• become an active subject of conversation for our friends

Are these our interests? Do we care to collaborate around our common interests? Do we care to collaborate around the common interests of our audience in their interests?

I think the worst thing that could happen is that our collective revenue goes down, our marketing costs go up, and we reduce our total audience of people interested in choral music or reduce their level of participation.

Observations and Questions

The most important consideration is that we maintain our integrity with our audience. To do this we need to ensure we communicate how we honestly feel about the experience we offer and that we present the experience fairly in the interests of the audience and in our own interest to ensure that the expectations we create are met and exceeded. Beyond that, we would like to delight our audiences with their experience.

Our interest is to give audiences more than notice of an event, at least until that is all that is needed to pack the house. In their interest, we want to provide information and perspectives that help them engage more fully in and enhance their experience, and to improve their ability to articulate their experience with others.

Our best media vehicle for reaching new audiences is our current audience. They are listened to, they are trusted and they care about the people they are communicating with. We would like them to engage in conversations about us.

We like to tell others about our experiences, for the pleasure of the telling, for the pleasure of introducing them to the experience, and possibly, for the pleasure of sharing the experience with them at some time in the future. The popularity of book clubs is that they give people a social experience around the shared experience of a story and a writer.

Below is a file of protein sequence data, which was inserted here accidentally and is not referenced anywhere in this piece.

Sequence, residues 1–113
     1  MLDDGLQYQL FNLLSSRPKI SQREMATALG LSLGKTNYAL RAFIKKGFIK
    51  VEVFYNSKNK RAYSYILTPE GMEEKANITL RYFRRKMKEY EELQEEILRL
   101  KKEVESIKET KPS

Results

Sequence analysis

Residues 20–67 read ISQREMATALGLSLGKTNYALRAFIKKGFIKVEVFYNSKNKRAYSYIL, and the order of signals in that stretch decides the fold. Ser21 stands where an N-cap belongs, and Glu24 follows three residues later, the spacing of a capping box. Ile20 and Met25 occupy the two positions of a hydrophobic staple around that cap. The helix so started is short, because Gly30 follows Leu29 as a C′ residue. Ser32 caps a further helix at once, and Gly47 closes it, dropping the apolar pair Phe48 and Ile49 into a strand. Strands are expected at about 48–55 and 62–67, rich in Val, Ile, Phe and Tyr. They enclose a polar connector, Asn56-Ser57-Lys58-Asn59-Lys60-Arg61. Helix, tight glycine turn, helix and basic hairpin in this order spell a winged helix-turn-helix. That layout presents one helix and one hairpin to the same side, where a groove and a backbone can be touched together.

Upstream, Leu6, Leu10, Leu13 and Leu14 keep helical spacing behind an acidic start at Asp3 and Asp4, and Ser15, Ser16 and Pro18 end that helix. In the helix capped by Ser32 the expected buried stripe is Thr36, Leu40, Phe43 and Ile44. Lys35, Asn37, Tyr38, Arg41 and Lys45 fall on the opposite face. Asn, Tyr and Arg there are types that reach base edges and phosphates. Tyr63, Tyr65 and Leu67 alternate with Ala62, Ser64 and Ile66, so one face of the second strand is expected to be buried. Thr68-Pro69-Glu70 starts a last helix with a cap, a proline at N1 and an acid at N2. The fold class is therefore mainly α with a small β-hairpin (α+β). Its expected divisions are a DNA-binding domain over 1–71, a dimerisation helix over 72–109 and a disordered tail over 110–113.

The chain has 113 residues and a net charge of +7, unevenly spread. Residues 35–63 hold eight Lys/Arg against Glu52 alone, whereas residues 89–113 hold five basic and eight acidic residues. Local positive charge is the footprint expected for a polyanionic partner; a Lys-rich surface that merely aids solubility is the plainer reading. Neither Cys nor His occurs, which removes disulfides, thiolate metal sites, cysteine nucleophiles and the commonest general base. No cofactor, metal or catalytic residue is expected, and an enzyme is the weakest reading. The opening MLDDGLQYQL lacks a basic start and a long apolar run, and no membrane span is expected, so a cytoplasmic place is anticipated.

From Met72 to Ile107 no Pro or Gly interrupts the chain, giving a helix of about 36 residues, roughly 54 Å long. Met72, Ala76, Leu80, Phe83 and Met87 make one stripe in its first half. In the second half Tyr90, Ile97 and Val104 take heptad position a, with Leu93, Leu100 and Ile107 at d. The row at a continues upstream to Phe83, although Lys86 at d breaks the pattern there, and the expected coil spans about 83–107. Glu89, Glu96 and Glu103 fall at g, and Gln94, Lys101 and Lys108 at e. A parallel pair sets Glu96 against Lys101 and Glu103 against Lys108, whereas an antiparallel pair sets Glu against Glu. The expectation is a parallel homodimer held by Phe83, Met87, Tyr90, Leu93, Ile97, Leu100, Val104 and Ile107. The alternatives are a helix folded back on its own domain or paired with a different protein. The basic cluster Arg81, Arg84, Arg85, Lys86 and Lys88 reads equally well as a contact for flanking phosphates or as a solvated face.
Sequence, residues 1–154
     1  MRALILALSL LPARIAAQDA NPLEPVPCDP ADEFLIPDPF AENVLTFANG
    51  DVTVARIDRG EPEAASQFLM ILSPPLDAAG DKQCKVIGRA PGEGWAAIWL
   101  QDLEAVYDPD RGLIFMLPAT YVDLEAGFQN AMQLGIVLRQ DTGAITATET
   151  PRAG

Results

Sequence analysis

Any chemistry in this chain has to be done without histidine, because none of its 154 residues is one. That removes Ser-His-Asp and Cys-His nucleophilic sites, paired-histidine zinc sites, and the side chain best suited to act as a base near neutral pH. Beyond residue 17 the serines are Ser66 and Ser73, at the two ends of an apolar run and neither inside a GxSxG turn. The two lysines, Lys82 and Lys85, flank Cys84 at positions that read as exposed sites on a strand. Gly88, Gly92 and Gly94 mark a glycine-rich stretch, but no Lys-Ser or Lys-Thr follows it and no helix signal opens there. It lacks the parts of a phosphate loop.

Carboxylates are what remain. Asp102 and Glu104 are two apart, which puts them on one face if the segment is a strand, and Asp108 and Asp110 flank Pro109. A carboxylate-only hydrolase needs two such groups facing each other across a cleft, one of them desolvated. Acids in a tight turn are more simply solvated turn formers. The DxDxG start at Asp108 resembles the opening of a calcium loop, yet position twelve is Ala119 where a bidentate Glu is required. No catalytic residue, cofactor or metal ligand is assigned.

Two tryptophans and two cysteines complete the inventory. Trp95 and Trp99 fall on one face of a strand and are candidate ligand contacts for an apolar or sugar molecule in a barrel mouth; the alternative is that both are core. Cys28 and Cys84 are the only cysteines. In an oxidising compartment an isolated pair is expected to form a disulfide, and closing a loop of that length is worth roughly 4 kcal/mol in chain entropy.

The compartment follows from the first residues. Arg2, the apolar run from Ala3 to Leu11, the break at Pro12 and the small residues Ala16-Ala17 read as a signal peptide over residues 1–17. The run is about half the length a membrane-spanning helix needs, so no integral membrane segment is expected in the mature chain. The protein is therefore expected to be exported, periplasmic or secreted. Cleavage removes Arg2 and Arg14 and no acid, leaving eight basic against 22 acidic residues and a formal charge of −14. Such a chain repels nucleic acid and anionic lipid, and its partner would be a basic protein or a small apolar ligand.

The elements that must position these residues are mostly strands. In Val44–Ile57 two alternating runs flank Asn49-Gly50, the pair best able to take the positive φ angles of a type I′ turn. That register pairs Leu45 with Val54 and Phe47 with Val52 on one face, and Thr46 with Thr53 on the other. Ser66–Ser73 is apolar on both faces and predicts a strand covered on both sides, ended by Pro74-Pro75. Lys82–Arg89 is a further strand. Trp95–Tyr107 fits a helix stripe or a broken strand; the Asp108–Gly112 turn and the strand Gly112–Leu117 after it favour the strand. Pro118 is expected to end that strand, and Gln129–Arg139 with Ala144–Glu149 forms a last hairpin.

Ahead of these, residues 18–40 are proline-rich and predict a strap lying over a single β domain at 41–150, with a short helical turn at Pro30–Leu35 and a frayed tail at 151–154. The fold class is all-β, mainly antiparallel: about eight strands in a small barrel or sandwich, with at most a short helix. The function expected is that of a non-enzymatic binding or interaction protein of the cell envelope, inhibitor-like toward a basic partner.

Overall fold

Our individual friends, our fans and our supporters will identify themselves if they feel like it, if they like us enough, and if we give them an opportunity. Many secret friends and admirers feel shy or out of place expressing their interest and admiration. We can give them opportunities to express themselves comfortably and easily. When they do we can welcome and acknowledge their interest and embrace them as friends.

My experience in marketing and communications is that the people who are our best customers, who are interested in what we offer and enjoy their experience with us, will increase their level of activity when their interest is recognized and appreciated, when they are treated as part of a community, when they are given more information as a member of a community, and when they are given more opportunities to engage in and enjoy their interests.

Our audience is going to choose what they do based on what they are attracted to and how well they are attracted. They will choose to do more if they have the capacity to do more and if there is more to be attracted to. They will choose to do more if they are invited, if they are interested, and if they are excited to explore more.

If we earn more revenue through ticket sales and reduce our marketing costs, we are able to invest more in creating experiences for ourselves and for our audiences. Our capacity to create a range of experiences and to create extraordinary experiences is unlimited.

Our interest in creating an experience for our audience in performance is to break the fourth wall. Our interest in communicating the experiences we offer is to break the fourth wall. Connecting with our audiences, exciting their consciousness of the experience, and engaging them in the experience we are creating is our art. Our audiences return for more when this happens.